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Research Overview

Research Overview

Research Overview

I use a variety of approaches to study evolution and adaptation in extinct mammals, particularly those of South America. I frequently draw on information from living mammals from throughout the world to determine how these extinct species lived and interacted with one another. Much of this is research is collaborative and involves colleagues and/or students. […]

Fieldwork (Fossils)

Fieldwork (Fossils)

My fieldwork mainly aims to increase geographic and temporal (time interval) sampling within South America. Most terrestrial mammal fossils from South America come from the southern part of the continent (particularly Argentina). Therefore, my colleagues and I have focused our efforts on other areas, such as Bolivia, Chile, and Peru. Some of these localities have […]

Systematics

Systematics

I specialize in notoungulate systematics but have published studies on a variety of other South American mammals. Representative publications on various groups are summarized below with links to their full citations. Notoungulates: Much of my research has focused typothere notoungulates, which include interatheres, archaeohyracids, mesotheres, and hegetotheres. Many of these papers have described new species […]

Paleobiology

Paleobiology

Understanding how extinct mammals lived is what attracted me to the field of paleontology in the first place. Living mammals encompass an amazing diversity of lifestyles and adaptations that are even greater when extinct species are included. Paleobiological studies aim to reconstruct the characteristics and habits of these species. This can be particularly challenging for […]

Macroecology

Macroecology

Macroecology means different things to different people. For me, it encompasses  more synthetic studies that try to answer questions of broad interest in paleontology. Such studies frequently raise as many questions as they answer, but continue to refine our understanding of past communities. Because South America was effectively an island for much of the past […]

South American Fossil Mammals

LATEST NEWS

LATEST NEWS

September 2017: Glowing review of Horned Armadillos and Rafting Monkeys published in Tetrapod Zoology, part of the Scientific American blog network July 2017: Darin Croft is promoted to Professor in the Department of Anatomy May 2017: Darin Croft is awarded Kaiser-Permanente Excellence in Teaching Award from the Case Western Reserve University School of Medicine Class […]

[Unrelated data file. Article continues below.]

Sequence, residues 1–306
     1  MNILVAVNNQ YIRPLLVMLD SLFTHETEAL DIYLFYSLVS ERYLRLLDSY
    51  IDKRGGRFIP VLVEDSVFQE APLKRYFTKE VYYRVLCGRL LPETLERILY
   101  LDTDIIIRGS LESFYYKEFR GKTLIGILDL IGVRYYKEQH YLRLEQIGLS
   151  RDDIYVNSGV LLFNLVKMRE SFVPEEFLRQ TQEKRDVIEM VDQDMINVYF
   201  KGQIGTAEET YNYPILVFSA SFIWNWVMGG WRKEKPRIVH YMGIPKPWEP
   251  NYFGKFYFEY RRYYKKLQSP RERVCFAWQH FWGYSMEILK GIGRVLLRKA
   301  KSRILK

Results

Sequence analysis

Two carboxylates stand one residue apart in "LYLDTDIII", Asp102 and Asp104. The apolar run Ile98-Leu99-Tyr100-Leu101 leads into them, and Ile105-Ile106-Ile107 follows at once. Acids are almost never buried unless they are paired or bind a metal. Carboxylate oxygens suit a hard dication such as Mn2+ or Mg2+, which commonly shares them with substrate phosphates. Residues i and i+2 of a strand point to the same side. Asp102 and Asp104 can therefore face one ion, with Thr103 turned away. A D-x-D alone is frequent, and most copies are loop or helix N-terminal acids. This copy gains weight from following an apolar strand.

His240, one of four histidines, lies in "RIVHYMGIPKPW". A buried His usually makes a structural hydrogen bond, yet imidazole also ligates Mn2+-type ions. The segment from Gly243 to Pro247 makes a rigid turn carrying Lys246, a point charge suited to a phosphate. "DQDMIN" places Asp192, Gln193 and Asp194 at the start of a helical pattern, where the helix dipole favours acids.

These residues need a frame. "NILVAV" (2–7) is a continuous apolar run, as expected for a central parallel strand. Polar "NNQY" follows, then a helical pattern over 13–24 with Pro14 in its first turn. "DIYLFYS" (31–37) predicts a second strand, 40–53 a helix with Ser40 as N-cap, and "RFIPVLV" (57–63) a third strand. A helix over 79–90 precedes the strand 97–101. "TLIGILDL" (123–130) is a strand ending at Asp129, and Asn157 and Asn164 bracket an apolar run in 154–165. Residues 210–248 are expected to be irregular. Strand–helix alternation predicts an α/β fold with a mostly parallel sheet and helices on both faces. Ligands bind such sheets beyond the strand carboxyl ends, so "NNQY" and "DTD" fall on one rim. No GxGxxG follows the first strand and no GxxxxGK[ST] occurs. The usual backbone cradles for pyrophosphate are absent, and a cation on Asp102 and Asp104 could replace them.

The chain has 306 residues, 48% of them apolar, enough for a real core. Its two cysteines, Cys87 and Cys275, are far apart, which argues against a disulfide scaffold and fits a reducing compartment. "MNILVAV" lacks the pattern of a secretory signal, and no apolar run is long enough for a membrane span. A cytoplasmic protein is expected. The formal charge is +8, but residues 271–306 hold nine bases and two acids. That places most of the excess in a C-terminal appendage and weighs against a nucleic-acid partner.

BLOG: The Rafting Monkey

BLOG: The Rafting Monkey

Want to learn more about the fossil history of South American mammals? Check out my blog, The Rafting Monkey. My posts discuss the latest research on South American mammals and fossil mammal sites as well as interesting tidbits from the archives of paleomammalogy. You can visit periodically to see what is new or sign up to get an email alert every […]

NEW BOOK: Horned Armadillos and Rafting Monkeys

NEW BOOK: Horned Armadillos and Rafting Monkeys

Do you know what a notoungulate is? How about an astrapothere, a necrolestid, or a sparassodont? These are just a few of the fascinating mammals that once called South America home. Unfortunately, these and many other ancient South American mammals left no living descendants and have no close living relatives. As a result, they are […]

New Mammal Species

New Mammal Species

One of the primary goals of field research is to document new species occurrences: discovering a new species or finding remains of a species where none had been found before. Most people think that naming a new species is the ultimate paleontological prize. Although finding and naming new species is an exciting and important part […]

Notoungulata

Notoungulata

Notoungulates –  literally “southern ungulates.” – may be the most emblematic of all extinct South American mammals. Notoungulates were the most abundant of the native South American ungulates, and probably more species of notoungulates have been named than all other groups of endemic ungulates combined. The group includes more than 150 extinct genera in around a dozen families. Notoungulates lived […]

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